Until now, however, none of the three projects proposed by the company has been given permission to proceed. In fact, on April 5, the Ministry of Environment and Natural Resources rejected the only environmental impact assessment submitted so far by Tikal Minerals for one of those projects.
The authorities determined that “the project is not environmentally viable,” because it would lead to extractive activity that could create “serious risks for the integrity of the country’s coastal-marine ecosystems and repercussions on the health and safety of the population of the coastal region.”
Mining the iron would require extracting the sand with excavators or dredges and transporting it to a plant where the minerals, mainly magnetite, would be separated out by using magnets. Once this process is completed, 90 percent of the sand would be returned to the beaches, and the iron would be transported from a local port to China.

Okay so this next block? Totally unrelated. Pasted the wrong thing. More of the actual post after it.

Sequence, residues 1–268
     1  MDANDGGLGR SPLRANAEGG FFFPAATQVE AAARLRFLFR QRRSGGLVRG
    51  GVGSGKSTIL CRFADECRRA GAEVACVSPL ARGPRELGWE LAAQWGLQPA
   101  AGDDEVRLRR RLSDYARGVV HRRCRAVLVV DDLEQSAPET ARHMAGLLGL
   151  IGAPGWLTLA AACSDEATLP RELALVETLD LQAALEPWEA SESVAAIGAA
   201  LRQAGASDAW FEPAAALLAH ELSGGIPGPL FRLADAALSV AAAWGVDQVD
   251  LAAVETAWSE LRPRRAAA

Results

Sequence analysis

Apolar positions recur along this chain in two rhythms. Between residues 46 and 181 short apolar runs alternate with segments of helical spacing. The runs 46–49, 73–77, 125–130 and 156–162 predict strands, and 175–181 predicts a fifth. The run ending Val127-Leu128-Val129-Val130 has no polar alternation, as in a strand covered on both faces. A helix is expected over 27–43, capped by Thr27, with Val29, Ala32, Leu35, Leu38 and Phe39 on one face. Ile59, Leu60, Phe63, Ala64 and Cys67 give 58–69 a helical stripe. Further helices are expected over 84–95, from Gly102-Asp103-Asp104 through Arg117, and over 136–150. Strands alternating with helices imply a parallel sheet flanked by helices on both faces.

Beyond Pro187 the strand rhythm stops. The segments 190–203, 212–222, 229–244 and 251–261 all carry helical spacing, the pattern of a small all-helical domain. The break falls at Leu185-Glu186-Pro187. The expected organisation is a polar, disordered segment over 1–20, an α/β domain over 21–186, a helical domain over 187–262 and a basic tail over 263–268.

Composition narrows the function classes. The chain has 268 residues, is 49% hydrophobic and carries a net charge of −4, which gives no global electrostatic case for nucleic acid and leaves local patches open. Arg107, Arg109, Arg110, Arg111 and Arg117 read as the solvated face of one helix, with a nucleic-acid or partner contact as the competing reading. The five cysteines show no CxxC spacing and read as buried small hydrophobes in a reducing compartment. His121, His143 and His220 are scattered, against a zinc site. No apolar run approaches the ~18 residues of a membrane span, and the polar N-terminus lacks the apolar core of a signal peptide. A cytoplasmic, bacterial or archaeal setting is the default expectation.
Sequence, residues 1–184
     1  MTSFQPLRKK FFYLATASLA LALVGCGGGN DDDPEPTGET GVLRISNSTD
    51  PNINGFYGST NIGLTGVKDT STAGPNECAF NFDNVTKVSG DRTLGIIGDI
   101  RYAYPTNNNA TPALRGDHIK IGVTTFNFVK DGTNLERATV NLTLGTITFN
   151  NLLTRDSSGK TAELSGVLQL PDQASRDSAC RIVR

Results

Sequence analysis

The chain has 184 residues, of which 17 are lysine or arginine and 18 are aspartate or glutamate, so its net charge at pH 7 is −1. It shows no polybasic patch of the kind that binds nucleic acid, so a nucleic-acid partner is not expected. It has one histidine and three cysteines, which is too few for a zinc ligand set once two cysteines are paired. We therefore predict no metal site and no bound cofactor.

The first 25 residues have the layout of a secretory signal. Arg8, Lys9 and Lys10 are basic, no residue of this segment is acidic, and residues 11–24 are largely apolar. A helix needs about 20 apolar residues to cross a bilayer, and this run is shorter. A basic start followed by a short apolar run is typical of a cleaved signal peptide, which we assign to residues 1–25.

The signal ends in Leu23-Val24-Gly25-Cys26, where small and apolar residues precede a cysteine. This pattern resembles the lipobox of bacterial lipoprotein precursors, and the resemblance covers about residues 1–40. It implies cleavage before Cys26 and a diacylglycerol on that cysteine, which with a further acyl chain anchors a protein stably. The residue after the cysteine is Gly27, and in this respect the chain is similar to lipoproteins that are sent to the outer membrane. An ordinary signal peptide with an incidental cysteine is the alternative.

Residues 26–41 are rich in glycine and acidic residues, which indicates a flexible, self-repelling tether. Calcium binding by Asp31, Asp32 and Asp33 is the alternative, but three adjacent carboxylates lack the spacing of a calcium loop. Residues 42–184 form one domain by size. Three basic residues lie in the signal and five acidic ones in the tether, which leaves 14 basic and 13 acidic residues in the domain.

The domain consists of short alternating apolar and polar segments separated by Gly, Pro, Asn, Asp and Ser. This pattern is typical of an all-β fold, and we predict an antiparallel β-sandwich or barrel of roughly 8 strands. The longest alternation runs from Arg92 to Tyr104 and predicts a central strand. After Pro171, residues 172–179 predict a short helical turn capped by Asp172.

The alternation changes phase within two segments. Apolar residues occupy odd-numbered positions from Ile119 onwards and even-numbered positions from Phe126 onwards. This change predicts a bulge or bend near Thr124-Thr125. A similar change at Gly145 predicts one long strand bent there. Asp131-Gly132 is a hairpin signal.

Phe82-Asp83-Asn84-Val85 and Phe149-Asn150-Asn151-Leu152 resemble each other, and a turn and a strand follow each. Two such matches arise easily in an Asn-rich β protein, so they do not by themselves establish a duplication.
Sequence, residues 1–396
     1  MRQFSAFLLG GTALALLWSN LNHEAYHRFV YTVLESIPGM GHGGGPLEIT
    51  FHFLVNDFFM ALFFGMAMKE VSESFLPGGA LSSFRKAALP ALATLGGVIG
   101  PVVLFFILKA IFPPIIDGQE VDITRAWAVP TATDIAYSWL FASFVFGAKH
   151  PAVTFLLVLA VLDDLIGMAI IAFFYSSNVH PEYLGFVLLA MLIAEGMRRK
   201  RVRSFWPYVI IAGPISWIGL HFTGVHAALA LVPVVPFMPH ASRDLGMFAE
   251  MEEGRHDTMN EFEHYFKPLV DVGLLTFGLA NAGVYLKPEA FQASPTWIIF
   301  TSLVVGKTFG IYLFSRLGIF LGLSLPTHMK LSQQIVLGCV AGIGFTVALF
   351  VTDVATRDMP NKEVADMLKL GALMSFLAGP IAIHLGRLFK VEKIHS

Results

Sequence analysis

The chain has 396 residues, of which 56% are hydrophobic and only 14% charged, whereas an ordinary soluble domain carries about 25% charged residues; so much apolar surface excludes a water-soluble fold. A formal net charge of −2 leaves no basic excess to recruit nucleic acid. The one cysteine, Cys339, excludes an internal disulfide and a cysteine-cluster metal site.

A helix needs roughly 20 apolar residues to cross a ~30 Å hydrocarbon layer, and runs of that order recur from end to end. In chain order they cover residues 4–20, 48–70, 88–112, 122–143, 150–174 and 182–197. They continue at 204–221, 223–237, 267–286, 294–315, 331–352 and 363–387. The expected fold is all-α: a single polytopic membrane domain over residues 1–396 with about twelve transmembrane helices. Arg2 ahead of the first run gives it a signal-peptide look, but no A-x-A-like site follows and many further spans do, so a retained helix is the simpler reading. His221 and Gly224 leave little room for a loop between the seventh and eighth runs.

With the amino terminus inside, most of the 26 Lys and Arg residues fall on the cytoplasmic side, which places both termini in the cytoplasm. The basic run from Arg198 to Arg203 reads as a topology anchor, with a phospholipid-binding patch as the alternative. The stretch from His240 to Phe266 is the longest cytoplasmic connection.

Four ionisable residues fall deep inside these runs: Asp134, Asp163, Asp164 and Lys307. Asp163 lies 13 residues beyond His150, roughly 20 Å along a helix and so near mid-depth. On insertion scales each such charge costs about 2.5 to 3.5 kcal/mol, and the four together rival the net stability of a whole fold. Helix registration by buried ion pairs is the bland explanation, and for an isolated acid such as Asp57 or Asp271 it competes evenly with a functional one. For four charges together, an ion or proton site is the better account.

Tikal Minerals legal representative Enrique Toledo told Tierramérica that the company filed an appeal in late April to overturn the Environment Ministry’s resolution.
“The principal basis of our position is that the authorities used arguments corresponding to an exploitation project when what we had submitted was an environmental instrument for exploration, which makes it improper to address it in this manner,” he said.
Exploration activities normally require only a mitigation plan, but the ministry decided to demand an environmental impact assessment when the company requested permission to conduct drilling.